The redoubts thus taken were included the same night in the second parallel, and howitzers were mounted upon them the following day. The capture of them reduced Lord Cornwallis almost to despair. Writing that same day to Sir Henry Clinton, he observes, "my situation now becomes very critical; we dare not show a gun to their old batteries, and I expect that their new ones will open to-morrow morning. The safety of the place is, therefore, so precarious, that I cannot recommend that the fleet and army should run great risk in endeavoring to save us," a generous abnegation of self on the part of the beleaguered commander. Had the fleet and army sailed, as he had been given to expect, about the 5th of October,

*Lafayette to Washington. Cor. of the Rev. iii. 426.


they might have arrived in time to save his lordship; but at the date of the above letter they were still lingering in port. Delay of naval succor was fatal to British operations in this war.

The second parallel was now nearly ready to open. Cornwallis dreaded the effect of its batteries on his almost dismantled works. To retard the danger as much as possible, he ordered an attack on two of the batteries that were in the greatest state of forwardness, their guns to be spiked. It was made a little before daybreak of the 16th by about three hundred and fifty men, under the direction of Lieutenant-colonel Abercrombie. He divided his forces; a detachment of guards and a company of grenadiers attacked one battery, and a corps of light infantry the other.

The redoubts which covered the batteries were forced in gallant style, and several pieces of artillery hastily spiked. By this time the supporting troops from the trenches came up, and the enemy were obliged to retreat, leaving behind them seven or eight dead and six prisoners. The French who had guard of this part of the trenches, had four officers and twelve privates killed or wounded, and the Americans lost one sergeant. The mischief had been done too hastily. The spikes were easily extracted, and before evening all the batteries and the parallel were nearly complete.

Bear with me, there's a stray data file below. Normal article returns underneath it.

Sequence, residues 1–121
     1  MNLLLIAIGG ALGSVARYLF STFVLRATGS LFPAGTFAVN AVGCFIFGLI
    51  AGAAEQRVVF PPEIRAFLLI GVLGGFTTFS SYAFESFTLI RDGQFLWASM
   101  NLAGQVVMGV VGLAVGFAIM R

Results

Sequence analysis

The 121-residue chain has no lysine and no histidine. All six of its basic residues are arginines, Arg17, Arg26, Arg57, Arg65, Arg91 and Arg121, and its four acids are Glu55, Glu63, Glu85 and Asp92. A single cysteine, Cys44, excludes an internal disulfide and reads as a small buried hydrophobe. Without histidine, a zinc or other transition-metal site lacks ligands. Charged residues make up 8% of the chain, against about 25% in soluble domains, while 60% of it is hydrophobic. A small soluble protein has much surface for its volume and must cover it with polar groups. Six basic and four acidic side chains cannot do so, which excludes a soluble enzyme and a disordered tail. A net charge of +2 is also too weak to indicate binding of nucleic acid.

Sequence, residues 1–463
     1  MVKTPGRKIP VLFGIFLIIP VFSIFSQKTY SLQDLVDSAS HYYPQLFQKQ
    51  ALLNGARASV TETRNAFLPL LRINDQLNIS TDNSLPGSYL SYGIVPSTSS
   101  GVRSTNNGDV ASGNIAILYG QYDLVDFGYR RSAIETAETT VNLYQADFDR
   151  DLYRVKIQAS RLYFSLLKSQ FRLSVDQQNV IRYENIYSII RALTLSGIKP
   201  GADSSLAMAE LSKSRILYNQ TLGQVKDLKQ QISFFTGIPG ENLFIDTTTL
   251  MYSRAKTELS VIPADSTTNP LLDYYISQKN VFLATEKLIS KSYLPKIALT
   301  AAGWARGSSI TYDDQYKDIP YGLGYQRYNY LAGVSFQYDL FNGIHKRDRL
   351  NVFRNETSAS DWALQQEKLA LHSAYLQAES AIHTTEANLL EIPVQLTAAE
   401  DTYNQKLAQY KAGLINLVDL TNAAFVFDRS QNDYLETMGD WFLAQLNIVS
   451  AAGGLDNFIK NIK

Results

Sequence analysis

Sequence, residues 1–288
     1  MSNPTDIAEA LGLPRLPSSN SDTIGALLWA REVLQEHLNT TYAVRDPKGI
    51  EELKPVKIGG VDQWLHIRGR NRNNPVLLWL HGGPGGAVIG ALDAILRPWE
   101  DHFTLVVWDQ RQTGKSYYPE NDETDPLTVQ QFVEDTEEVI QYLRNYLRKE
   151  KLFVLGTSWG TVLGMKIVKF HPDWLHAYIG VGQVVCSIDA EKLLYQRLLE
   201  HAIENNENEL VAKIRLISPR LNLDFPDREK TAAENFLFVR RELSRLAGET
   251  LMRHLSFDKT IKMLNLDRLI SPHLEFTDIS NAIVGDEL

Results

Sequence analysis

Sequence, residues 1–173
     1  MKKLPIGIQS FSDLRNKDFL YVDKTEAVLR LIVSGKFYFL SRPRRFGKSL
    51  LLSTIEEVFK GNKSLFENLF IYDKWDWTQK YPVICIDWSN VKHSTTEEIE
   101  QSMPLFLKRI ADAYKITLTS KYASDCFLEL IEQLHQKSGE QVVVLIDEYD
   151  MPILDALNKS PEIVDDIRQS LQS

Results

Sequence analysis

At this time the garrison could not show a gun on the side of the works exposed to attack, and the shells were nearly expended; the place was no longer tenable. Rather than surrender, Cornwallis determined to attempt an escape. His plan was to leave his sick and wounded and his baggage behind, cross over in the

night to Gloucester Point, attack Choisy's camp before daybreak, mount his infantry on the captured cavalry horses, and on such other as could be collected on the road, push for the upper country by rapid marches until opposite the fords of the great rivers, then turn suddenly northward, force his way through Maryland, Pennsylvania, and the Jerseys, and join Sir Henry Clinton in New York.

It was a wild and daring scheme, but his situation was desperate, and the idea of surrender intolerable.

In pursuance of this design sixteen large boats were secretly prepared; a detachment was appointed to remain and capitulate for the town's people, the sick and the wounded; a large part of the troops were transported to the Gloucester side of the river before midnight, and the second division had actually embarked, when a violent storm of wind and rain scattered the boats and drove them a considerable distance down the river. They were collected with difficulty. It was now too late to effect the passage of the second division before daybreak, and an effort was made to get back the division which had already crossed. It was not done until the morning was far advanced, and the troops in recrossing were exposed to the fire of the American batteries.

The hopes of Lord Cornwallis were now at an end. His works were tumbling in ruins about him, under an incessant cannonade; his garrison was reduced in number by sickness and death, and exhausted by constant watching and severe duty. Unwilling to expose the residue of the brave troops which had stood by him so faithfully, to the dangers and horrors of an assault,